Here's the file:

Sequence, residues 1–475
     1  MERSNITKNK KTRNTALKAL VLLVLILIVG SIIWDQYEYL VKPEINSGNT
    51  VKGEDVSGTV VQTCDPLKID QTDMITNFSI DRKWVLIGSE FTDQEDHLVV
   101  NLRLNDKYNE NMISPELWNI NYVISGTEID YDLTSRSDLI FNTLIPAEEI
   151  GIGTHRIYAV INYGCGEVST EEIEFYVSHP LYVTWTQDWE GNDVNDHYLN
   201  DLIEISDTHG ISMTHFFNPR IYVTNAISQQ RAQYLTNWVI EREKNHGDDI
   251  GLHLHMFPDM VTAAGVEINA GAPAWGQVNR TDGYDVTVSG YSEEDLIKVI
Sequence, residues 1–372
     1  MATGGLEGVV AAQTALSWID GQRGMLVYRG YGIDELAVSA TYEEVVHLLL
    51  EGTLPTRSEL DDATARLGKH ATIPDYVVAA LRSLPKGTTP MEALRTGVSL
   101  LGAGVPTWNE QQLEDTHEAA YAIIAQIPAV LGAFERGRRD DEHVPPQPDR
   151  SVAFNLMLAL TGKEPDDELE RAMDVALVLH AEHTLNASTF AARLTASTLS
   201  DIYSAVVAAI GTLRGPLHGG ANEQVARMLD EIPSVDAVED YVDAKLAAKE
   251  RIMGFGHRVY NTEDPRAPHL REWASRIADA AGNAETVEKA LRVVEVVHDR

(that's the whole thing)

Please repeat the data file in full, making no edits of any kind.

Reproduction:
Sequence, residues 1–475
     1  MERSNITKNK KTRNTALKAL VLLVLILIVG SIIWDQYEYL VKPEINSGNT
    51  VKGEDVSGTV VQTCDPLKID QTDMITNFSI DRKWVLIGSE FTDQEDHLVV
   101  NLRLNDKYNE NMISPELWNI NYVISGTEID YDLTSRSDLI FNTLIPAEEI
   151  GIGTHRIYAV INYGCGEVST EEIEFYVSHP LYVTWTQDWE GNDVNDHYLN
   201  DLIEISDTHG ISMTHFFNPR IYVTNAISQQ RAQYLTNWVI EREKNHGDDI
   251  GLHLHMFPDM VTAAGVEINA GAPAWGQVNR TDGYDVTVSG YSEEDLIKVI
Sequence, residues 1–372
     1  MATGGLEGVV AAQTALSWID GQRGMLVYRG YGIDELAVSA TYEEVVHLLL
    51  EGTLPTRSEL DDATARLGKH ATIPDYVVAA LRSLPKGTTP MEALRTGVSL
   101  LGAGVPTWNE QQLEDTHEAA YAIIAQIPAV LGAFERGRRD DEHVPPQPDR
   151  SVAFNLMLAL TGKEPDDELE RAMDVALVLH AEHTLNASTF AARLTASTLS
   201  DIYSAVVAAI GTLRGPLHGG ANEQVARMLD EIPSVDAVED YVDAKLAAKE
   251  RIMGFGHRVY NTEDPRAPHL REWASRIADA AGNAETVEKA LRVVEVVHDR